At ANAMED, Dr. Varsallona aims to finalize her book, Constantinople 1261–1453. This book contextualizes the urban transformations of the Byzantine capital during the last two centuries of Byzantine rule, which are also known as the Palaiologan period, after the ruling dynastic family, the Palaiologans (1261–1453). It portrays Constantinople as a “living entity” shaped by the will of imperial and aristocratic patrons, built by laborers and artisans, and lived by its cosmopolitan inhabitants.
Thanks to the combined analysis of surviving archaeology, art history, and textual production, the book reconstructs streets, quarters, and the use and significance of many buildings. Within a solid historical framework, the volume demonstrates that, rather than being the result of casual restorations or commissions, Palaiologan building activity was carefully planned, charged with ideological meanings, and responded to specific topographic concerns of the ruling powers.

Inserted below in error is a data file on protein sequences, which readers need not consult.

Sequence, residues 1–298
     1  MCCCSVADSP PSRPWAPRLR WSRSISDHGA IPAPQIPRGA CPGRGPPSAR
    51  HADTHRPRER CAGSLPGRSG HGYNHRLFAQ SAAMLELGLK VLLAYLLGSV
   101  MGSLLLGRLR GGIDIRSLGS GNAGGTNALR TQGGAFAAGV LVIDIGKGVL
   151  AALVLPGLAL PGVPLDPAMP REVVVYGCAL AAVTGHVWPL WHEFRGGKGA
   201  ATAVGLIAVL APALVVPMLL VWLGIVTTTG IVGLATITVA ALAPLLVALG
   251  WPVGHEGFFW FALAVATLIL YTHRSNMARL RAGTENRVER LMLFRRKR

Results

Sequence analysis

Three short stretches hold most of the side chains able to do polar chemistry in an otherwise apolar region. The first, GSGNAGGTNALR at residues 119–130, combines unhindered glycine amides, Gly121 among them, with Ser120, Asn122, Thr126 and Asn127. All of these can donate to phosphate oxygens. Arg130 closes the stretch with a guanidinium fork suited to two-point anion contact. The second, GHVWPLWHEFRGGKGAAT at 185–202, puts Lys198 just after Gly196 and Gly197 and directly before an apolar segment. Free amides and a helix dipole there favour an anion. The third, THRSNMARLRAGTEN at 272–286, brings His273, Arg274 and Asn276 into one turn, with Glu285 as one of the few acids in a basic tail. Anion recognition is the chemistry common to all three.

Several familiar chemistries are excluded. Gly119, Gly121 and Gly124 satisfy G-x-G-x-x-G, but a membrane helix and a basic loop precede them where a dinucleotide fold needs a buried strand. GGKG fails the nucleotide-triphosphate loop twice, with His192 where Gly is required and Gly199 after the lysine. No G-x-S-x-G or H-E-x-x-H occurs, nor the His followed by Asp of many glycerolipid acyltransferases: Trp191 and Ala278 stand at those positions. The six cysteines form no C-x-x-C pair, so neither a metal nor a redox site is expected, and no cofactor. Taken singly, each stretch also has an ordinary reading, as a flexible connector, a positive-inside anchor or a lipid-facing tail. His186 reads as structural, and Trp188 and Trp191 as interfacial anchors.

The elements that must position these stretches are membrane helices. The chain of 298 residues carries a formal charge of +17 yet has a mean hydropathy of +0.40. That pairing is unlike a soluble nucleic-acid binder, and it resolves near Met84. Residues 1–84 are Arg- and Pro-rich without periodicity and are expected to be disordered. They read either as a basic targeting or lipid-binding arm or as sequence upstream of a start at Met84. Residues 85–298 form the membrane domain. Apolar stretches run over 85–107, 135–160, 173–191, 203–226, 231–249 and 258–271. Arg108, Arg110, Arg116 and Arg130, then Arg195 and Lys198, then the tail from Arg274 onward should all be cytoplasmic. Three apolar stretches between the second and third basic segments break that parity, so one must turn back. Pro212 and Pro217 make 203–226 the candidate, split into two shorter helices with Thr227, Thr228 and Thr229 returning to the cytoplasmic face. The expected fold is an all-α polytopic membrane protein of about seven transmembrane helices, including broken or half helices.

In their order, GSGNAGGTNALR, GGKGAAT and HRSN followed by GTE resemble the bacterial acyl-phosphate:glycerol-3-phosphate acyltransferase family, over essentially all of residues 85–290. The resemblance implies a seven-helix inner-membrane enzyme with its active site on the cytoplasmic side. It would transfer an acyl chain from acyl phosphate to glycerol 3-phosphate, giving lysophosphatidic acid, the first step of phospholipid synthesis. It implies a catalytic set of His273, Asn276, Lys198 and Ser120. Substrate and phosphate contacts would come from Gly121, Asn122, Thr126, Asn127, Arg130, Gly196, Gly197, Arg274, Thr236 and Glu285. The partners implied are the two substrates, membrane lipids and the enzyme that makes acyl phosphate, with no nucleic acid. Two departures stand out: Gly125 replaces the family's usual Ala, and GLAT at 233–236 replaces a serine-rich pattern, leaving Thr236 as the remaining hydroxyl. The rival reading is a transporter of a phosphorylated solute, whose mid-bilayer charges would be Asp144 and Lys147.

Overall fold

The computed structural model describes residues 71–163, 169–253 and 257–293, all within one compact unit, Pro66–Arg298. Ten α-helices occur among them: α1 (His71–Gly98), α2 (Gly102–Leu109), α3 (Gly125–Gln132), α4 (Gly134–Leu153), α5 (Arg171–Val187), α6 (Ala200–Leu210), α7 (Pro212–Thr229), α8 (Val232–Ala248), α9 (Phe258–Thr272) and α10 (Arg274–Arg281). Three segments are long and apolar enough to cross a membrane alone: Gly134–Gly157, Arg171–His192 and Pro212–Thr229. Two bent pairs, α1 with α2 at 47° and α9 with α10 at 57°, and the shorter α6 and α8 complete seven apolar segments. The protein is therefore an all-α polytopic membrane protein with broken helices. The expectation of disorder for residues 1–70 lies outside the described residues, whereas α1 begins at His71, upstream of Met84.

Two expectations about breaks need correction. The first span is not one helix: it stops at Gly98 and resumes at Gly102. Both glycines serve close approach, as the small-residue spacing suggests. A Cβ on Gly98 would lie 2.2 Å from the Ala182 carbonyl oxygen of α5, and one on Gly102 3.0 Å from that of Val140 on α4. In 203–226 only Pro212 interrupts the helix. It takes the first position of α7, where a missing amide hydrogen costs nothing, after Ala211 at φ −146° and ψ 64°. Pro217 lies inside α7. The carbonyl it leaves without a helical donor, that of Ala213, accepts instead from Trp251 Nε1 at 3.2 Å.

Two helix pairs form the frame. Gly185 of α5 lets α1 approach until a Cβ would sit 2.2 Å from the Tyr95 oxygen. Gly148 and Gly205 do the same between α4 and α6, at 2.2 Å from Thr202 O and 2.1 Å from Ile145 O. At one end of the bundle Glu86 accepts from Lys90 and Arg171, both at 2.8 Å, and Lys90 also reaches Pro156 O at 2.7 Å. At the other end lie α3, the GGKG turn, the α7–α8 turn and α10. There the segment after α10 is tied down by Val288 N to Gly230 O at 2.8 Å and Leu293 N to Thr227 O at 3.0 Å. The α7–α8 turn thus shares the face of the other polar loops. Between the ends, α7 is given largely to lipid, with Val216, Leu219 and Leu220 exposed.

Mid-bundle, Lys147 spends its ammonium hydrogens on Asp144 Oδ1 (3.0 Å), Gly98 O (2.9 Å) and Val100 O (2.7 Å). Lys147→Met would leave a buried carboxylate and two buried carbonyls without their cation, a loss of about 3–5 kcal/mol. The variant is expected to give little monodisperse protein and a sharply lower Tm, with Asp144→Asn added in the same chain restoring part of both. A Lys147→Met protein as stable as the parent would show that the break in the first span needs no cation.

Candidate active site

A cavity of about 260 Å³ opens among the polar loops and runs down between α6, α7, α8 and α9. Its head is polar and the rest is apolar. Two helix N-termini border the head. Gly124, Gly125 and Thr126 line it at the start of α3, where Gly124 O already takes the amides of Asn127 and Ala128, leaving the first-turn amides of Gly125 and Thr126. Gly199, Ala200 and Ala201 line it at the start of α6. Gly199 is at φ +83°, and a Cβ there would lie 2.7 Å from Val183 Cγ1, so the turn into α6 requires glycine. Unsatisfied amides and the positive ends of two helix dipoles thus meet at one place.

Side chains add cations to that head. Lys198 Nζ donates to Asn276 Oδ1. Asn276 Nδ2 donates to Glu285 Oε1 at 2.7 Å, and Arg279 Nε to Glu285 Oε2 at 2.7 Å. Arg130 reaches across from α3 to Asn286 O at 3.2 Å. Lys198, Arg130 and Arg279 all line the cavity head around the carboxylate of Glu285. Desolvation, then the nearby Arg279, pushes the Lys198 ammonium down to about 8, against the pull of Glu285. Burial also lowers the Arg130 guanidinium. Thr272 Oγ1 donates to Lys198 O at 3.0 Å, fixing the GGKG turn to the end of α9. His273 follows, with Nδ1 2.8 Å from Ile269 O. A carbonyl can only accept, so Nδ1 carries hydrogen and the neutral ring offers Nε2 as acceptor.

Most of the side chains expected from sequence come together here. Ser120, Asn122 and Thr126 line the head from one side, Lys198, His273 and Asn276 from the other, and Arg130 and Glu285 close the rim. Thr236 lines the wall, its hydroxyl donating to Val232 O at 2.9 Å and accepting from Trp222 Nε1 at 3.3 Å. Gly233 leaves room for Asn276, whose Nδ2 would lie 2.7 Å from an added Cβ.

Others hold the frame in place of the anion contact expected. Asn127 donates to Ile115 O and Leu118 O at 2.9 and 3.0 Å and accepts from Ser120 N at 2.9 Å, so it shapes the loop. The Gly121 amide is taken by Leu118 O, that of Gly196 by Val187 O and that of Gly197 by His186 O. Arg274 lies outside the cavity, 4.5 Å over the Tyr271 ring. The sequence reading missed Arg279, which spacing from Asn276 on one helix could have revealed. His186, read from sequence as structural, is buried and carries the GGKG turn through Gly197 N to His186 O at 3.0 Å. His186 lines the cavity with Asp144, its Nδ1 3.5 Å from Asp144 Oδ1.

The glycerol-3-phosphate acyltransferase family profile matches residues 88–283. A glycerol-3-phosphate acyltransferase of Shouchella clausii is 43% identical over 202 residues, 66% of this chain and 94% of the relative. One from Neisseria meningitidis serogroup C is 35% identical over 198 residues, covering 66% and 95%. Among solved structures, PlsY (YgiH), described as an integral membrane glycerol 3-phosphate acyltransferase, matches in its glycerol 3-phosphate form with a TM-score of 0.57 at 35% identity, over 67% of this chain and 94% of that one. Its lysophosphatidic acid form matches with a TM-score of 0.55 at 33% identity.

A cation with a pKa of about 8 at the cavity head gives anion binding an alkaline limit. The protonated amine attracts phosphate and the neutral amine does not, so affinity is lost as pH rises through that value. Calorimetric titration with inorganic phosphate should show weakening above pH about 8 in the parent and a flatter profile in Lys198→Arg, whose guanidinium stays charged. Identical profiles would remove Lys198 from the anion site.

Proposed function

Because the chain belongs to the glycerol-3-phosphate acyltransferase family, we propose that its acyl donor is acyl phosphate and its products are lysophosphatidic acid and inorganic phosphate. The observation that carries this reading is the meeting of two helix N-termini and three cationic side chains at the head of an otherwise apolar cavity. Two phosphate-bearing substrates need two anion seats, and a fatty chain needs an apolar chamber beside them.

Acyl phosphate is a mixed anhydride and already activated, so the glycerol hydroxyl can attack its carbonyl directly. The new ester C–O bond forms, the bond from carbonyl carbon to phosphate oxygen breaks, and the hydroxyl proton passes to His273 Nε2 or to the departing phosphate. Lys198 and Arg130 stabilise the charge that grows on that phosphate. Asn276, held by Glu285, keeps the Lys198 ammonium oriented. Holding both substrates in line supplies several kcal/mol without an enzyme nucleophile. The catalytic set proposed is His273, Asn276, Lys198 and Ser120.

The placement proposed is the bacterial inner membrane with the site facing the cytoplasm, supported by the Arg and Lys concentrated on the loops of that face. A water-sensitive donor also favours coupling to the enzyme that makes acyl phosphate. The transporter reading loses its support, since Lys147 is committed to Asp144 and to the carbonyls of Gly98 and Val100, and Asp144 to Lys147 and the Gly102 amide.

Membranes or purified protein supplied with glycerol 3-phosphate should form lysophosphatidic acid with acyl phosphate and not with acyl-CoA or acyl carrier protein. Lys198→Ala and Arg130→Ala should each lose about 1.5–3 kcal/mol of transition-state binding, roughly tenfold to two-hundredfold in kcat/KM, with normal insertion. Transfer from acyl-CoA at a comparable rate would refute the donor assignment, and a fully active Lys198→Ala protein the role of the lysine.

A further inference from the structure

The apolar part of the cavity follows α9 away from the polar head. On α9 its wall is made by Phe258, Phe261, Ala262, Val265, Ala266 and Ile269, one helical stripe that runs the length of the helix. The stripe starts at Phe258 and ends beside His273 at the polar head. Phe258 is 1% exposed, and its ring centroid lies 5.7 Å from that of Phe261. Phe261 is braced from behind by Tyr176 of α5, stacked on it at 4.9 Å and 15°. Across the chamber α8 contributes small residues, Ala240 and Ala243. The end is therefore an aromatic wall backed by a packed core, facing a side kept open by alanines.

This form of urban planning gradually created a group of differentiated quarters within the city, responding to the different and adaptable exigencies of their patrons. Remarkably, far from being interrupted by the fall of the city to the Ottomans (1453), as widely believed, the Palaiologan urban setting impacted the subsequent urban evolution of the city, when it became the new capital of the Ottoman Empire.